Gunboards Forums banner

1 - 20 of 42 Posts

·
Registered
Joined
·
58 Posts
Discussion Starter · #1 · (Edited)
I'm new to the boards and am rolling out my limited selection of milsurps after having them hanging on the wall. I've had this Century Arms import for about 20 years (it still has the little booklet from CA zip tied to the sling swivel).

This is an Ishapore 1944, with matching bolt, receiver and muzzle/bayonet piece serials. It came with a 1907 Wilkenson bayonet in a black leather scabbard with a faint crown stamp (one my wife's stories about when we met was seeing it propped up against the couch with the 2 feet of bayonet the first time she came to the house...). I'm getting ready to tear it down and give it the full meal deal clean up. It appears to have green parkerization discoloring along and into the areas going down into the wood. The butt plate is solid brass, and looks like the Loch Ness monster inside. Sadly no surprises in the butt stock, but while the wood is pretty dry externally, it's not, well, terrible. Magazine is not a match, and looks like it has endured a crappy black paint job in. All of the metal is sitting with a WD40 soak right now so I can take down all of the screws and get it out of the stock.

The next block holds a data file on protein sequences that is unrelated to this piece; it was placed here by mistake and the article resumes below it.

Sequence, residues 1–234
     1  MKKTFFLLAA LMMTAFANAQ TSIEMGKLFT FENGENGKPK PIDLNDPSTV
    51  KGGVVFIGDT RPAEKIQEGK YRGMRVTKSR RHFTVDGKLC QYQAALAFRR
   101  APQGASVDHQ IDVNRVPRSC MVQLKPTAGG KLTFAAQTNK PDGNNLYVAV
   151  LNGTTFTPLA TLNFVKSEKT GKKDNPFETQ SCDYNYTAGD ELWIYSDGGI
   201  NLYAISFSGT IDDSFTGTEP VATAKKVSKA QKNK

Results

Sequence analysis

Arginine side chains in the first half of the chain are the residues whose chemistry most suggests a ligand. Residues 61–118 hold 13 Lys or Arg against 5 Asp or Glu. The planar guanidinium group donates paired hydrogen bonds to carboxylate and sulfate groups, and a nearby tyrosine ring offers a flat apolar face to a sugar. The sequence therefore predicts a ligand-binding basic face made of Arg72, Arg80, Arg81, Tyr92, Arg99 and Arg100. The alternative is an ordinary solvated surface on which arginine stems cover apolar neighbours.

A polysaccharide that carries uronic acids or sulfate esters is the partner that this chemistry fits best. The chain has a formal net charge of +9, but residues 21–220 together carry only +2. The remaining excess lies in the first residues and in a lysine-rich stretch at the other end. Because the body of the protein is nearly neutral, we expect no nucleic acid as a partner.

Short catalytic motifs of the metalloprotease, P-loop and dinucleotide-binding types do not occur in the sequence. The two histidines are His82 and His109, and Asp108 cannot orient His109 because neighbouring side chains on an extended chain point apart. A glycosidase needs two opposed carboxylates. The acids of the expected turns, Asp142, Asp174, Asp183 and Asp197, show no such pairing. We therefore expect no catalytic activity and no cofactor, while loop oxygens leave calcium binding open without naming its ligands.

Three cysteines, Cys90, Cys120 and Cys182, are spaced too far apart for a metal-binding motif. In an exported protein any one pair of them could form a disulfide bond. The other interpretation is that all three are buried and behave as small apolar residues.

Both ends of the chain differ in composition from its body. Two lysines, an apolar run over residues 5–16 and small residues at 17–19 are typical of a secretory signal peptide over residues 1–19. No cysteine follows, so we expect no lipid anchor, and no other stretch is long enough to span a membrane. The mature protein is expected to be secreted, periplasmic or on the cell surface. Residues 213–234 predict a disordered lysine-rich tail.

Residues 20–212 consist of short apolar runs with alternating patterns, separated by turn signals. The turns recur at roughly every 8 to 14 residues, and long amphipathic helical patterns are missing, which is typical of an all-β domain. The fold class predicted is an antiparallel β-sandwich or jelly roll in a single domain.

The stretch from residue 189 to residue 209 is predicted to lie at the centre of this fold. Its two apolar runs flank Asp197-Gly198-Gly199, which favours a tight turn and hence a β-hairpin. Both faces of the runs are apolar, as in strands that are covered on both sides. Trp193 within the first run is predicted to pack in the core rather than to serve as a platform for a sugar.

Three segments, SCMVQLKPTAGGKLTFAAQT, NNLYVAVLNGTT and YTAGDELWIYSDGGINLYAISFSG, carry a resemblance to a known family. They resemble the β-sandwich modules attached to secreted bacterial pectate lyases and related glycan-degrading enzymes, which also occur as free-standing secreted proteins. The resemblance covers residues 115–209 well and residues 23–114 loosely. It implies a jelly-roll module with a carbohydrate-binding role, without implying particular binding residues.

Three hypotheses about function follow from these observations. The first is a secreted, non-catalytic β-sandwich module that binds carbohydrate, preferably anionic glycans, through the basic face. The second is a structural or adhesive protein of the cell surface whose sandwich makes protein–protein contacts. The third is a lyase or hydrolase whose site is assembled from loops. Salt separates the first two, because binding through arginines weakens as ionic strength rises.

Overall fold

Do's and Don'ts please - I'm going through the boards tonight, but would love any advice on what NOT to do to screw this up. Let me know if there are other photos that would help out.

Also - in looking at the stock marking, is there a list of Ishapore wood marking codes out there, by chance?

Thank you for any help.



1 Butt plate first look.jpg 2 Butt grime.jpg 3 Bolt serial.jpg 4 Receiver.jpg 5 Date stamp.jpg 6 Stock marks.jpg
 

·
Registered
Joined
·
3,476 Posts
Big DON'T.

Do NOT remove the butt from the rifle before removing the forend.
There is a specific order of dissasembly with LE's and not doing it will result in serious damage to the forend. (splitting it)

Once all the metal work is removed the forend should be 'tapped' downwards over the draws, the wood will need to move slightly forward as it goes 'downwards'. This is best achieved by cutting a wooden block into a U-shape that just slides over the action and touches the forend on each side. Gently tap until it starts to drop.